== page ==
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Everywhere you look, interest rates are low, low, low. Indeed, interest rates are so low that it is tempting to do any number of things that involve borrowing money. With car loan rates rather low, it is tempting to buy a new car — or even refinance your current auto loan. You might also find that the dropping mortgage rates provide an incentive to refinance the house (if you don’t plan to buy a new one).

With interest rates so low, it’s a good time to lock in a favorable rate. However, getting the best rates is tough.

How is Your Credit Score?

It used to be that you could get a good interest rate with a credit score of just a little less than 700. Seven years ago, I got what was then the best rate on a car loan with a credit score of 680. Three years ago, a credit score of 710 qualified me for the best rate on a home mortgage loan. Now, even though my credit score has continued to improve, it’s not certain I would qualify for the best available rates.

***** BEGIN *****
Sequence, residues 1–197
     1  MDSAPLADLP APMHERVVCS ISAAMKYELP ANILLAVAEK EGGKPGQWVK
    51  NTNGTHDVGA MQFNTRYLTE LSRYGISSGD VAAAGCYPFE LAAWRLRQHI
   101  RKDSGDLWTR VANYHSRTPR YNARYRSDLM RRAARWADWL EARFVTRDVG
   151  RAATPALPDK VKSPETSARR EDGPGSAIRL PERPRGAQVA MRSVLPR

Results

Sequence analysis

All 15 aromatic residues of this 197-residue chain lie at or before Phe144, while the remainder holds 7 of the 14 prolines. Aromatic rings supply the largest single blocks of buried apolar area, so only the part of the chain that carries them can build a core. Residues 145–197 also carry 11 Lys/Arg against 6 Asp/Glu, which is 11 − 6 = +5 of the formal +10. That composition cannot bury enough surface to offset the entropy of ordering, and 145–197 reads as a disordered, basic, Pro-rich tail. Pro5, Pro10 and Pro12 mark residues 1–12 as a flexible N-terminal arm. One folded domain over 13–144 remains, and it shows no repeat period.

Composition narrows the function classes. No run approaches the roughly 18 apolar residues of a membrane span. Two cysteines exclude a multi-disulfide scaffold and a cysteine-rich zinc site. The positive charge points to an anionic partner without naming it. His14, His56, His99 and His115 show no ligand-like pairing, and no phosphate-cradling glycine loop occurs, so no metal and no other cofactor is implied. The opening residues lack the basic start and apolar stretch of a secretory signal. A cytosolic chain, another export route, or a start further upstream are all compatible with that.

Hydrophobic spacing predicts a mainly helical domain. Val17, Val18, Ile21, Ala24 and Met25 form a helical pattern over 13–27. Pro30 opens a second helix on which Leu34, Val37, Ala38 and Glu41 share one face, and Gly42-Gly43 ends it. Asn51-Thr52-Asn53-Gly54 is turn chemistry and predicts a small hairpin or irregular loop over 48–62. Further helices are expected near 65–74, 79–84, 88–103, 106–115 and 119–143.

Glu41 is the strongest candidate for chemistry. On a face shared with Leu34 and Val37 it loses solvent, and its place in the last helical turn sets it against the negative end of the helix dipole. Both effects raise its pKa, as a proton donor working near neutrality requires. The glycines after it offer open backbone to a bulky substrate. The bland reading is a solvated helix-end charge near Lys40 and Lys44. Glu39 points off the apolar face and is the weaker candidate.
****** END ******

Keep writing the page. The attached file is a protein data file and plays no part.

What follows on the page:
In all likelihood, my credit score would qualify me for a great rate on a car loan, and maybe even a good mortgage rate. But it’s important to realize that you might not even be considered for the best available rates unless your credit score is around 720 (you could probably have a lower score and still qualify for the best car loan rate, though).

What’s Your Income?

Another issue that causes problems in my case (were I looking for a loan) is my income situation. 85% of my family’s income comes from my work as a freelancer. In order to qualify for the best rates, I have to be able to show years of tax returns. Even then, many banks are ambivalent right now about taking on the risk of someone who is self-employed.

It can get even trickier if you are moving because of a new job that you haven’t started yet — especially if you are looking for a home loan and haven’t managed to sell your old house yet. Documentation of income is more important now than it was three years ago, so make sure you have what you need, particularly if you are applying for a mortgage.

Second Best is Probably Good Enough

Even if you don’t have what you need to qualify for the best mortgage rates, you can still come out ahead. Rates are so low that even the second best rate is probably still a bargain, compared to what you might otherwise be paying.